13

I was wondering if using rm $(ls) to delete files(or rm -r $(ls) to delete directories as well) was safe? Because in all the websites, people give other ways to do this even though this command seems much easier than other commands.

  • 3
    Basic answer, no. ls can't handle special characters. I can write an answer in a bit to explain this in more detail – Sergiy Kolodyazhnyy Sep 3 '16 at 1:42
  • 5
    touch 'foo -r .. bar' ; rm $(ls); where'd my parent directory go? Also, what kind of alternatives are you seeing that are even more complicated than this? rm * is far easier to type and think about, and safer (but not perfectly safe; see Dennis's answer). – Peter Cordes Sep 3 '16 at 9:15
  • 1
    In addition to the excellent answers, be aware that ls can vary between implementations, and therefore is non-standard. Depending on what you need, consider alternatives such as find and stat. You should use ls only for human consumption, never for use by other commands or in scripts. – Paddy Landau Sep 6 '16 at 10:35
7

What this is intended to do?

  • ls lists files in current directory
  • $(ls) substitutes output of ls places that as argument for rm
  • Essentially rm $(ls) is intended to delete all files in current directory

What's wrong with this picture ?

ls cannot properly handle special characters in filename. Unix users generally advised to use different approaches. I've also showed that in a related question about counting filenames. For instance:

$ touch file$'\n'name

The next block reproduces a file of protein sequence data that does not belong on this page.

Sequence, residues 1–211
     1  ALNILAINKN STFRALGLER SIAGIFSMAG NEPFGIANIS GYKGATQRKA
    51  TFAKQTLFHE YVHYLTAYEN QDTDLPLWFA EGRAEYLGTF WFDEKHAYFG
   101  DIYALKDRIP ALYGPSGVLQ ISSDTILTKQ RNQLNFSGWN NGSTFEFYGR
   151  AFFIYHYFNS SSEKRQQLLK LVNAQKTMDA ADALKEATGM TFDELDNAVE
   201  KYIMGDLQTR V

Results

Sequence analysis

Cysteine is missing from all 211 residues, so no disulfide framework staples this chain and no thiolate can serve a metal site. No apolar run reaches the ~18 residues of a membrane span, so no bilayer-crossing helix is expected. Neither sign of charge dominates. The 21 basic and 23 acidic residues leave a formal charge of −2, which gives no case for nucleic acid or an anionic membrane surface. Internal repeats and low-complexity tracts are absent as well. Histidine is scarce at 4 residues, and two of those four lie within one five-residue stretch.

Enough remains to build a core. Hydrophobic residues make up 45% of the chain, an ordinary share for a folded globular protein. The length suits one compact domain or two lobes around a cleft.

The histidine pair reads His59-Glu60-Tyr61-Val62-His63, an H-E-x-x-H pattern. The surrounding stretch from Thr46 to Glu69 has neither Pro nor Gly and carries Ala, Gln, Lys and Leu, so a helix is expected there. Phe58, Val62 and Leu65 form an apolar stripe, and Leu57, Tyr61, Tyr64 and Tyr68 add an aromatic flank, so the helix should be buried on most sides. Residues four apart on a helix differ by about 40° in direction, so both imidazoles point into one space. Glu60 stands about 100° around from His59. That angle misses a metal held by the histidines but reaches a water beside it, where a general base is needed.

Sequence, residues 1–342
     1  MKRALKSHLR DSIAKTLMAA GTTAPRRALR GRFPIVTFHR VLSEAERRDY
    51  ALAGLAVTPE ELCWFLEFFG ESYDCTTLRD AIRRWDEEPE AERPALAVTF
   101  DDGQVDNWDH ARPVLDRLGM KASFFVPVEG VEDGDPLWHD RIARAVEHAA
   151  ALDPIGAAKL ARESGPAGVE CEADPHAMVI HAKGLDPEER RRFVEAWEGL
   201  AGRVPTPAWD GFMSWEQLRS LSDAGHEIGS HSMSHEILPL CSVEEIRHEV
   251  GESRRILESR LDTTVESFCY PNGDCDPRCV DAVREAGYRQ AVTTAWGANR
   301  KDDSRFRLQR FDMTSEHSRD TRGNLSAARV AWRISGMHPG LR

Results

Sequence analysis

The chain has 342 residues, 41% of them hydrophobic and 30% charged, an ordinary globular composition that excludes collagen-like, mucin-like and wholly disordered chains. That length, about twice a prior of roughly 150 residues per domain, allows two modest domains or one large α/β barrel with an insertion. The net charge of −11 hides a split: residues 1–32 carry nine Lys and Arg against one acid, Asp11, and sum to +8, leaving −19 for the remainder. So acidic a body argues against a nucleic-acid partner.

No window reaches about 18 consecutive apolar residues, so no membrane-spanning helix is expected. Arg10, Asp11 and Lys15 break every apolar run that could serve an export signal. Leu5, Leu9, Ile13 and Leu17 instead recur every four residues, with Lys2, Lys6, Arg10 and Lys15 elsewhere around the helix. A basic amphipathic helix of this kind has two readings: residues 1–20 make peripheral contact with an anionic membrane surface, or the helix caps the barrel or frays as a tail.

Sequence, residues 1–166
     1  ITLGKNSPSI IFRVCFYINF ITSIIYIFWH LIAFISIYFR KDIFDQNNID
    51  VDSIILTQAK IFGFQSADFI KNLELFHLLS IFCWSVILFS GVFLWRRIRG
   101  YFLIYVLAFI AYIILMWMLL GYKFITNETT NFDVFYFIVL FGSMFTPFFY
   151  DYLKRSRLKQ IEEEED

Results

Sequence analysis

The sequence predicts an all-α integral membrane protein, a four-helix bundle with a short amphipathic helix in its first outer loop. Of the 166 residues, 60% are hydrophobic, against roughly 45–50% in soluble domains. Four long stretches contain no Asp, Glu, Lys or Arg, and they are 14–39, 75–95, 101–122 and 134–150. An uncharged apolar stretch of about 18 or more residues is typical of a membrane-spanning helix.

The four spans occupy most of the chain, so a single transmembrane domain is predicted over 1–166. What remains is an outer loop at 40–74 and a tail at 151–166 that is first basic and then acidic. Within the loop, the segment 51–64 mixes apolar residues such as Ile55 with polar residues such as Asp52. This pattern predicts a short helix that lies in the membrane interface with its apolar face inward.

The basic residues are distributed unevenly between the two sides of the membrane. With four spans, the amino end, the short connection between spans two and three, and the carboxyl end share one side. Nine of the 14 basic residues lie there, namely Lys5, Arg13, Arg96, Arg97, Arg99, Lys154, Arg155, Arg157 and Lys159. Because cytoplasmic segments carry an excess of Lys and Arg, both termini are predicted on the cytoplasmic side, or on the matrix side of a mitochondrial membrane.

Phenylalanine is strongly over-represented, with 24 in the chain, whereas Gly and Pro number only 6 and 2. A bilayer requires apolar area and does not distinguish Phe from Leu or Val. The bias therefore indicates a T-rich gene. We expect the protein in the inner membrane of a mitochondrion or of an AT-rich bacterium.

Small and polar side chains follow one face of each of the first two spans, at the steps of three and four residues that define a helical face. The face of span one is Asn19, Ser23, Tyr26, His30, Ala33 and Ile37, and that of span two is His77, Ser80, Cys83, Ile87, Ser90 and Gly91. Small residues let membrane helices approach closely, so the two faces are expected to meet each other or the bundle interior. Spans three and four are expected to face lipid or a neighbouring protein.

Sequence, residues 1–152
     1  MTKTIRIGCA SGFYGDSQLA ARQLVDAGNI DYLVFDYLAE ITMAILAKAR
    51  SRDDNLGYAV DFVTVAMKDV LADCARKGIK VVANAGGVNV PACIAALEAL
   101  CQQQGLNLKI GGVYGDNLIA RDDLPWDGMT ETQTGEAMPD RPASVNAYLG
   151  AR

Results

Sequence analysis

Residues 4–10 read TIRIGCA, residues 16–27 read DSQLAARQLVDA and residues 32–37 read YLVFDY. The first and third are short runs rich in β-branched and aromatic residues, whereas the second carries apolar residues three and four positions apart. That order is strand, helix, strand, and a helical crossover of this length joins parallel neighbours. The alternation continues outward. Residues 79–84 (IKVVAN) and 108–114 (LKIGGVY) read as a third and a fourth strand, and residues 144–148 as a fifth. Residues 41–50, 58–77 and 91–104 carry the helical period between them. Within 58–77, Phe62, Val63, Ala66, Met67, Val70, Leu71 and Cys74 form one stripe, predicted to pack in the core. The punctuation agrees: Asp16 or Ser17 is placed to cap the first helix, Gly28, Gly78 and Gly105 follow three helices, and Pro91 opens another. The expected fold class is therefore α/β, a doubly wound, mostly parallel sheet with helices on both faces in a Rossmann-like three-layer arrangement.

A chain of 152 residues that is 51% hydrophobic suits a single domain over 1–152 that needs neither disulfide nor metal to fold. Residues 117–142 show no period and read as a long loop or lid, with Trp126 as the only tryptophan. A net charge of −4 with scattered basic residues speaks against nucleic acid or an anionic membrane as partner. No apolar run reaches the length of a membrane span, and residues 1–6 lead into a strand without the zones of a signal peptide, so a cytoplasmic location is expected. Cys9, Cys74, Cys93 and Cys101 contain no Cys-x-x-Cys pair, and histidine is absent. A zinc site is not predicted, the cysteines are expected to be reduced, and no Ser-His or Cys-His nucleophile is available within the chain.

$ ls                                                                                                                     
file?name
$ rm $(ls)
rm: cannot remove 'file': No such file or directory
rm: cannot remove 'name': No such file or directory
$ 

Also, as properly mentioned in Denis's answer, a filename with leading dashes, could be interpreted as argument to rm after substitution, which defeats the purpose of removing filename.

What works

You want to delete files in current directory. So use glob rm *:

$ ls                                                                                                                     
file?name
$ rm $(ls)
rm: cannot remove 'file': No such file or directory
rm: cannot remove 'name': No such file or directory
$ rm *
$ ls
$ 

You can use find command. This tool is frequently recommended for more than just current directory - it can recursively traverse entire directory tree, and operate on files via -exec . . .{} \;

$ touch "file name"                                
$ find . -maxdepth 1 -mindepth 1                                                                                         
./file name
$ find . -maxdepth 1 -mindepth 1 -exec rm {} \;                                                                          
$ ls
$ 

Python doesn't have issue with special characters in filenames, so we could employ that as well(note that this one is for files only, you will need to use os.rmdir() and os.path.isdir() if you want to operate on directories):

python -c 'import os; [ os.remove(i) for i in os.listdir(".") if os.path.isfile(i) ]'

In fact, the command above could be turned into function or alias in ~/.bashrc for brevity. For example,

rm_stuff()
{
    # Clears all files in the current working directory
    python -c 'import os; [ os.remove(i) for i in os.listdir(".") if os.path.isfile(i) ]'

}

Perl version of that would be

perl -e 'use Cwd;my $d=cwd();opendir(DIR,$d); while ( my $f = readdir(DIR)){ unlink $f;}; closedir(DIR)'
  • 1
    Your "$(ls)" example only works if there's only one file in the directory. You might as well just use tab-completion to expand the filename since it's the only completion. – Peter Cordes Sep 3 '16 at 9:20
  • @PeterCordes indeed, for an odd reason it only works with one file. That's one more argument against using ls then :) I'll edit it out – Sergiy Kolodyazhnyy Sep 3 '16 at 15:26